Estate planning and trust planning are essentially creating a road map for your family’s future. Take a brief look at estate planning in California and how to use trusts to ensure that your spouse and other loved ones are properly taken care of.
Estate planning is preparing for the transfer of property upon an individual’s passing. This can be a complicated matter if the person has extended family, such as children from previous marriages.
The best way to get this right is with professional counsel. This can include financial planners, accountants, life insurance reps, banks, brokers and lawyers.
During the process of estate planning, you can design trusts to manage assets on behalf of your spouse and other beneficiaries. These instruments are set up in different ways, ensuring that assets get passed on according to your wishes.
A great benefit here is that California does not dictate that trusts go through probate. With a trust, there can even be fewer taxes forced on your spouse after your passing.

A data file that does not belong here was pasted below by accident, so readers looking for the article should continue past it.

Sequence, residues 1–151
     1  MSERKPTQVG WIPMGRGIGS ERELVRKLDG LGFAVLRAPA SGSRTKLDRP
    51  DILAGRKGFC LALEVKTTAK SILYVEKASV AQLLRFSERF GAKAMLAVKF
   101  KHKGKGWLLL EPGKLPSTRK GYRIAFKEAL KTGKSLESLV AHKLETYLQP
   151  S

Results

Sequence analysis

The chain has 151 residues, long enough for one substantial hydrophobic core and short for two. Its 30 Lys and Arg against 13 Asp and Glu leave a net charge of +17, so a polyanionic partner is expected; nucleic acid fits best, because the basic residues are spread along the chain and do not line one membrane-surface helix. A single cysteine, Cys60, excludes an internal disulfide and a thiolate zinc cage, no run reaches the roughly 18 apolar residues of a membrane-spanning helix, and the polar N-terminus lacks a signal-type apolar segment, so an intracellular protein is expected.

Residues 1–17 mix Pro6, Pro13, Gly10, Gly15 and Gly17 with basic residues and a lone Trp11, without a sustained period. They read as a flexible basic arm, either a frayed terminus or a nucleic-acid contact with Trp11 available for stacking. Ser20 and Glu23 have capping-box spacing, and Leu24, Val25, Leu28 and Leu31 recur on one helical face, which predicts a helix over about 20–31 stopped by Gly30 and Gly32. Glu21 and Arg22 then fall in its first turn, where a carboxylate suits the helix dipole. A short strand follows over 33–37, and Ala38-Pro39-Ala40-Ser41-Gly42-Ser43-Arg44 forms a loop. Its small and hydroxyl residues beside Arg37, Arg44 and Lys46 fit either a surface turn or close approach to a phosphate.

Planning for second marriages
Tension among first and second marriages, and concern over the future of their children, isn’t uncommon. A surviving spouse with young children, by law, is entitled to acknowledgment in estate planning and real estate planning. Conflict in these matters arises when beneficiaries feel mistreated. Carefully crafted legal documentation that takes care of all necessary parties can minimize disputes between your former and current spouse.
Role of the lawyer
You can attempt to draft a will or trust with software, kits or online fill-in documentation, but these generic solutions don’t interpret the complicated labyrinth of trust and estate legalities, especially if you are on a second marriage. These forms do not have the ability to counsel effectively, and they do not afford you the personalized and nuanced planning that your loved ones need. This puts your family’s future in jeopardy as the courts might not honor your wishes.
You want to protect your legacy and assets. These matters are particularly critical if you have more than one family. An experienced attorney may help you ensure that your spouse and any children are taken care of through estate planning.